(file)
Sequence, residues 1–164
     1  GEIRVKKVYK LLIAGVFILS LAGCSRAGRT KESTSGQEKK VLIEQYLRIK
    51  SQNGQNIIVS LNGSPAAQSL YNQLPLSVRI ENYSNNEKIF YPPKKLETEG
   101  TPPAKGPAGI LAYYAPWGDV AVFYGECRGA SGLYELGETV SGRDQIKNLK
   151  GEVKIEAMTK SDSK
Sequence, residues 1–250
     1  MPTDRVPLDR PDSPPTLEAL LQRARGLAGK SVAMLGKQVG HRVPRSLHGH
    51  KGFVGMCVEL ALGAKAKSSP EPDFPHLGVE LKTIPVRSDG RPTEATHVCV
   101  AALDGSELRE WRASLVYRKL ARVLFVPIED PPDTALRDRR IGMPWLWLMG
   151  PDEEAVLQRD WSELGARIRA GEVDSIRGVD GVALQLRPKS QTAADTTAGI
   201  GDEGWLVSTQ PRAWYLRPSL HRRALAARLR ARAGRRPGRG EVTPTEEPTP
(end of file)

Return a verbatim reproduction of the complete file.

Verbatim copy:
Sequence, residues 1–164
     1  GEIRVKKVYK LLIAGVFILS LAGCSRAGRT KESTSGQEKK VLIEQYLRIK
    51  SQNGQNIIVS LNGSPAAQSL YNQLPLSVRI ENYSNNEKIF YPPKKLETEG
   101  TPPAKGPAGI LAYYAPWGDV AVFYGECRGA SGLYELGETV SGRDQIKNLK
   151  GEVKIEAMTK SDSK
Sequence, residues 1–250
     1  MPTDRVPLDR PDSPPTLEAL LQRARGLAGK SVAMLGKQVG HRVPRSLHGH
    51  KGFVGMCVEL ALGAKAKSSP EPDFPHLGVE LKTIPVRSDG RPTEATHVCV
   101  AALDGSELRE WRASLVYRKL ARVLFVPIED PPDTALRDRR IGMPWLWLMG
   151  PDEEAVLQRD WSELGARIRA GEVDSIRGVD GVALQLRPKS QTAADTTAGI
   201  GDEGWLVSTQ PRAWYLRPSL HRRALAARLR ARAGRRPGRG EVTPTEEPTP